Hardware & Infrastructure
Commentary
2/27/2004
01:42 PM
William Schaff
William Schaff
Commentary
Connect Directly
RSS
E-Mail
50%
50%

Taking Stock: UTStarcom's Growth In Emerging Markets

Phone company isn't content with growing only in China

I'm about to head off to another trip to Asia. The economic expansion in the Pacific Rim is amazing--no wonder everyone wants to invest in China. My problem is that I'm much more familiar with domestic and European businesses than I am with emerging companies in developing countries. But recently, I've found a pretty decent proxy.

China's economy is expanding rapidly, and its telecommunications infrastructure has trouble keeping up with demand. The problem is exacerbated by the significant numbers of rural villagers moving to the cities in search of a better life. According to some recent economic studies, urbanization in China is expected to increase from 35% in 2000 to 55% in 2020, a migration of 260 million people--about the population of the United States.

Telecommunications infrastructure must be built to support this potential growth, but wireline is inefficient and expensive, and the average Chinese citizen can't afford wireless technology. UTStarcom, based in the United States but with most of its operations in China, has a 60% share of the Chinese market in wireless technology called Personal Access Services. It works much like a cordless phone system, but it allows for greater range throughout town. It's also half the cost to the consumer of second-generation wireless service. Personal Access Services helped UTStarcom double sales last year, and the company is projecting a more modest 20% to 25% growth in revenue this year.

UTStarcom isn't content with growing in China alone. It's expanding into other emerging nations, including Honduras, Mexico, and Vietnam, all of which have nicely growing economies and an inexpensive telecommunications network. China represents 83% of revenue, but the company projects growth in Vietnam, Latin America, and other developing countries will reduce this amount to 50% in five years.

Doing business in emerging markets is fraught with political and economic risk. Though the growth prospects of China are clear, it's still a developing country. This raises the level of financial risk for investors because of the higher level of political risk consistent with developing countries versus developed ones. In addition, competition from emerging technologies will make some inroads over time.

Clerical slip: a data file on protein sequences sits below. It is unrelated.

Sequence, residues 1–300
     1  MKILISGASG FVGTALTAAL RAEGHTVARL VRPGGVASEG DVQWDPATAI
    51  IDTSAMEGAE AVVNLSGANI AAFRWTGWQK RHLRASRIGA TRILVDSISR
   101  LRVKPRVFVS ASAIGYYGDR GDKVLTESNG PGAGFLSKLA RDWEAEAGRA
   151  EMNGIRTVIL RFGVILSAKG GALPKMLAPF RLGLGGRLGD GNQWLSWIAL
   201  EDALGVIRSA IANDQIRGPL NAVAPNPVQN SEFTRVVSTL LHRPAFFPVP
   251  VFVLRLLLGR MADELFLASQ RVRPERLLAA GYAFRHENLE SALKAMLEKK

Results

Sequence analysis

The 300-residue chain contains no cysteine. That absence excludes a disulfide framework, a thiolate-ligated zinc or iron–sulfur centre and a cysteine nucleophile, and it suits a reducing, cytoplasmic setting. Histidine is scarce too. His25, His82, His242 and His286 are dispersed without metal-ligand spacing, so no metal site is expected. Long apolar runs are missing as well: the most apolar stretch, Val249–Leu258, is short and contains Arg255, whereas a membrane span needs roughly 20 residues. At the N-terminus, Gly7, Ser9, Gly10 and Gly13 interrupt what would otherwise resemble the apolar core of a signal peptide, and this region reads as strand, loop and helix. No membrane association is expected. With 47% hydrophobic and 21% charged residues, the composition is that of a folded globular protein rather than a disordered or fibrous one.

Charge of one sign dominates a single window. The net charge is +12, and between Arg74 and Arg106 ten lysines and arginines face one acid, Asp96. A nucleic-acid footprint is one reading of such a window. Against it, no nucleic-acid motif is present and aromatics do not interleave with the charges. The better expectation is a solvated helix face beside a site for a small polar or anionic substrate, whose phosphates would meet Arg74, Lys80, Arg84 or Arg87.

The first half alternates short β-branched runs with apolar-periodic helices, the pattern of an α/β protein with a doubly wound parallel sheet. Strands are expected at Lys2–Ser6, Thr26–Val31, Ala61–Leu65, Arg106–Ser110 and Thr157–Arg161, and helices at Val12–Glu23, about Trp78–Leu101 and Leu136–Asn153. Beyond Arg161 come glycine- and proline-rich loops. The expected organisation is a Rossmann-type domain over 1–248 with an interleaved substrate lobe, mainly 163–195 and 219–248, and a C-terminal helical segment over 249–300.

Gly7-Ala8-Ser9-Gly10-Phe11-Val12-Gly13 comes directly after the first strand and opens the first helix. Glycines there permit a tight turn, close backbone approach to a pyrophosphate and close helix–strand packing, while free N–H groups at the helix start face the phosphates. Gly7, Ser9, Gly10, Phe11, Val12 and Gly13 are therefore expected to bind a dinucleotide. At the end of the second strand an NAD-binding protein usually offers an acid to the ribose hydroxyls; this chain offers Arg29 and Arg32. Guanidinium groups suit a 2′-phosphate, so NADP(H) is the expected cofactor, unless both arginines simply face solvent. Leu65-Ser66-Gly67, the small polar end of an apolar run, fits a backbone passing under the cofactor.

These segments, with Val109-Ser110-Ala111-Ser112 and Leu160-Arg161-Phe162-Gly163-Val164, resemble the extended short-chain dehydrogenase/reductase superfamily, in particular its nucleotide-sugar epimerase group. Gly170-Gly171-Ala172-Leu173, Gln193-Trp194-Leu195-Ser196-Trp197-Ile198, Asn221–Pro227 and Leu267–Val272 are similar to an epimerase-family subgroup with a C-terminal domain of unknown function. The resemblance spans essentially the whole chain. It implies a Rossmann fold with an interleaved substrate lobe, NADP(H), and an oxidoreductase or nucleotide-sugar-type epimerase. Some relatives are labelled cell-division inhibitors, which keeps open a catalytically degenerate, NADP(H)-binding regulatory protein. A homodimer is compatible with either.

UTStarcom's stock price seems relatively cheap to me, reflecting investors' unease with emerging markets and the future of Personal Access Services technology. With sizable growth in wireless handset and telecom infrastructure, I project that revenue should grow at least 25% this year and at least 15% annually over the next few years. Operating margins are likely to settle in the 13% to 14% range, and the company should generate $200 million in free cash flow this year by my estimate. A company with a potential future like this in developed markets would likely trade at a much higher price/earnings multiple than the S&P 500. However, UTStarcom's 2004 price/earnings multiple, based on Wall Street consensus earnings, is 17. Given its growth prospects, this multiple seems eminently reasonable to me. I haven't been able to say that about too many companies lately.

William Schaff is chief investment officer at Bay Isle Financial LLC, which manages the InformationWeek 100 Stock Index. Reach him at bschaff@bayisle.com. This article is provided for information purposes only and should not be used or construed as an offer to sell, a solicitation of an offer to buy, or a recommendation for any security. Bay Isle has no affiliation with, nor does it receive compensation from, any of the companies mentioned above. Bay Isle's current client portfolios may own publicly traded securities in one or more of these companies at any given time.


To discuss this column with other readers, please visit William Schaff's forum on the Listening Post.

To find out more about William Schaff, please visit his page on the Listening Post.

Comment  | 
Print  | 
More Insights
The Business of Going Digital
The Business of Going Digital
Digital business isn't about changing code; it's about changing what legacy sales, distribution, customer service, and product groups do in the new digital age. It's about bringing big data analytics, mobile, social, marketing automation, cloud computing, and the app economy together to launch new products and services. We're seeing new titles in this digital revolution, new responsibilities, new business models, and major shifts in technology spending.
Register for InformationWeek Newsletters
White Papers
Current Issue
InformationWeek Tech Digest - July 22, 2014
Sophisticated attacks demand real-time risk management and continuous monitoring. Here's how federal agencies are meeting that challenge.
Flash Poll
Video
Slideshows
Twitter Feed
InformationWeek Radio
Archived InformationWeek Radio
A UBM Tech Radio episode on the changing economics of Flash storage used in data tiering -- sponsored by Dell.
Live Streaming Video
Everything You've Been Told About Mobility Is Wrong
Attend this video symposium with Sean Wisdom, Global Director of Mobility Solutions, and learn about how you can harness powerful new products to mobilize your business potential.